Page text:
Crude Oil: Obstacles Ahead of $100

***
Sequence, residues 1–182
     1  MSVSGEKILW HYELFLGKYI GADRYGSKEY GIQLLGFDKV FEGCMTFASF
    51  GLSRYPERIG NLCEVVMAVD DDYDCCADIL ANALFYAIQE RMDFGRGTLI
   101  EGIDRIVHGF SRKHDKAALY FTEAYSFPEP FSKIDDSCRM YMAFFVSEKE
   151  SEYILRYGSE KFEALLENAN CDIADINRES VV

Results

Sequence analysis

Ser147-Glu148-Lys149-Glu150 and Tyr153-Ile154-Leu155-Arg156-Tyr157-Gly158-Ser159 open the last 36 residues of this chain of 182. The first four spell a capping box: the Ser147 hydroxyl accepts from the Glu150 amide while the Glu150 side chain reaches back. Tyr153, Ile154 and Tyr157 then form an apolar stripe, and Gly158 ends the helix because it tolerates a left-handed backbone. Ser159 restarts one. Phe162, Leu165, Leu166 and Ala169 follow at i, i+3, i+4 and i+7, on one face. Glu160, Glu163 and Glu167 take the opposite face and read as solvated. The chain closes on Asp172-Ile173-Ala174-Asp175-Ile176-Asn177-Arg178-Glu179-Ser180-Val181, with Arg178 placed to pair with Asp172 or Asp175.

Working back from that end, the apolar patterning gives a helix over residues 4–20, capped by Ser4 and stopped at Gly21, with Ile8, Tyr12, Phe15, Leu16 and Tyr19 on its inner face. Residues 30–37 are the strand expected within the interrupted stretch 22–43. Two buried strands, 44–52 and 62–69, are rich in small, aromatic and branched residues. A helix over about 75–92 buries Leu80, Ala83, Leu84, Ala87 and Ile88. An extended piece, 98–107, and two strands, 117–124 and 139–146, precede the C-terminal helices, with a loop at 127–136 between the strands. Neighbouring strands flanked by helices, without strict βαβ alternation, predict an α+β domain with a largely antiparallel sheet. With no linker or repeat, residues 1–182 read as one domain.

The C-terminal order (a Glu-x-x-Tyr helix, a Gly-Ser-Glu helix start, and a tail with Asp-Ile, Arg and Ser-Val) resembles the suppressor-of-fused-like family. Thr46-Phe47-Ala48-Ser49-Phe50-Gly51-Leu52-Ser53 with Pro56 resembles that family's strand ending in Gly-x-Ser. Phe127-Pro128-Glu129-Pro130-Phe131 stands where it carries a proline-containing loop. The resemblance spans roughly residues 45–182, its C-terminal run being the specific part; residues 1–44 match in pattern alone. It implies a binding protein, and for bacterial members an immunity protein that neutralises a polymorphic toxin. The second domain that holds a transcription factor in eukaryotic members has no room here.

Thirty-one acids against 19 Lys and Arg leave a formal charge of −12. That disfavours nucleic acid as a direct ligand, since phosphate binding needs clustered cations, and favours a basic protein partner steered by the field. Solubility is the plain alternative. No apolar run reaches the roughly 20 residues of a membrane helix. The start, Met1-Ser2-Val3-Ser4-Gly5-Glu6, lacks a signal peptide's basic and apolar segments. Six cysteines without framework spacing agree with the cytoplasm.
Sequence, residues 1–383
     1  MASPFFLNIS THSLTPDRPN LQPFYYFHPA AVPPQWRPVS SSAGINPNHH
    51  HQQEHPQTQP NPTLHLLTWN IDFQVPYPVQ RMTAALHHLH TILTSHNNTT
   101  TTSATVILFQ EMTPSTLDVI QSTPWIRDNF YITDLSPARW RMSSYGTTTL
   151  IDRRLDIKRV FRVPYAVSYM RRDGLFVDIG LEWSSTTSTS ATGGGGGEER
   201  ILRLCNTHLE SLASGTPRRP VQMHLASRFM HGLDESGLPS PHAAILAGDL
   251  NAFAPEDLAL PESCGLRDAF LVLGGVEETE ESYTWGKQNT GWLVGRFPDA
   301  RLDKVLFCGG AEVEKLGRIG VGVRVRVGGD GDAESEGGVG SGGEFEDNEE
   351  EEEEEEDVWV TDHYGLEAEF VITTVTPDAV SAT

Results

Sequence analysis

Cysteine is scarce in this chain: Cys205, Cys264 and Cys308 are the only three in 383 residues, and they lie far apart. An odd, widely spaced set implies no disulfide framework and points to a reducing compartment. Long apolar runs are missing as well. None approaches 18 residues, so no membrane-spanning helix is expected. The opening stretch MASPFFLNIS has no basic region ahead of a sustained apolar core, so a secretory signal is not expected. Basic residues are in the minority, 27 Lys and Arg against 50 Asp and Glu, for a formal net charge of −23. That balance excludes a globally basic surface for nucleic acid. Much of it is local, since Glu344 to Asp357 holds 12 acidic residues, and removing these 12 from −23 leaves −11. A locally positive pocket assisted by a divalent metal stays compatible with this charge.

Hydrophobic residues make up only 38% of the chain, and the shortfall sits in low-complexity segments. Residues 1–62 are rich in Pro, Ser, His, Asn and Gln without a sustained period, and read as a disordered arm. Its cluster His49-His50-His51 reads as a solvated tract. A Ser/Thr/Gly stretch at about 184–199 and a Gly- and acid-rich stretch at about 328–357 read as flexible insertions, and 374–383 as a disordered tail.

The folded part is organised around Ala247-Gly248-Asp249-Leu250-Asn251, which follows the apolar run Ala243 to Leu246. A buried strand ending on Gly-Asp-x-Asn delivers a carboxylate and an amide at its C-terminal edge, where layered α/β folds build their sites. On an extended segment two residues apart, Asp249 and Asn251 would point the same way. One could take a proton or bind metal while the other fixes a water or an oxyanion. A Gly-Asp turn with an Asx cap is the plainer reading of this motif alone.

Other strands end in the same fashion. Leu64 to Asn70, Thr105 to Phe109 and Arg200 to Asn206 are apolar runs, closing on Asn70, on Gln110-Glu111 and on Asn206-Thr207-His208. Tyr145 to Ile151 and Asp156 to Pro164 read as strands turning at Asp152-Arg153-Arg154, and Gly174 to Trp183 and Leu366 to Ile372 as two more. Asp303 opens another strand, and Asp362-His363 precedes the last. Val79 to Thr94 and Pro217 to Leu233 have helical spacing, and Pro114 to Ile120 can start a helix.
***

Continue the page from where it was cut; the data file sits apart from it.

Crude Oil: Obstacles Ahead of $100 The price of crude oil has been on a steady rise since the beginning of the year, with Brent crude oil reaching a six-year high of $77 per barrel in July. The market is now abuzz with talk of crude oil hitting the $100 mark, a level not seen since 2014. However, there are several obstacles that could prevent crude oil from reaching this milestone. One of the biggest obstacles is the ongoing trade war between the United States and China. The two countries are the world's largest consumers of crude oil, and any disruption in their demand could have a significant impact on the price of crude oil. The trade war has already led to a slowdown in the Chinese economy, which could result in lower demand for crude oil. Another obstacle is the increasing production of shale oil in the United States. The United States has become the world's largest producer of crude oil, thanks to the shale oil boom. The increased production has led to a glut in the market, which has kept prices in check. If the United States continues to increase its production, it could offset any increase in demand from other countries. The Organization of the Petroleum Exporting Countries (OPEC) is also a factor to consider. OPEC has been cutting production in an effort to boost prices, but there are concerns that some members may not comply with the agreement. Additionally, OPEC's decision to increase production in June has led to a drop in prices, which could make it difficult for crude oil to reach $100. Finally, there are concerns about the global economy. The International Monetary Fund (IMF) recently downgraded its forecast for global economic growth, citing trade tensions and rising oil prices as factors. A slowdown in the global economy could lead to lower demand for crude oil, which could prevent prices from reaching $100. In conclusion, while the prospect of crude oil reaching $100 is exciting, there are several obstacles that could prevent it from happening. The ongoing trade war between the United States and China, the increasing production of shale oil in the United States, OPEC's production cuts, and concerns about the global economy are all factors to consider. It remains to be seen whether crude oil will overcome these obstacles and reach $100, but one thing is certain: the market will continue to be volatile and unpredictable.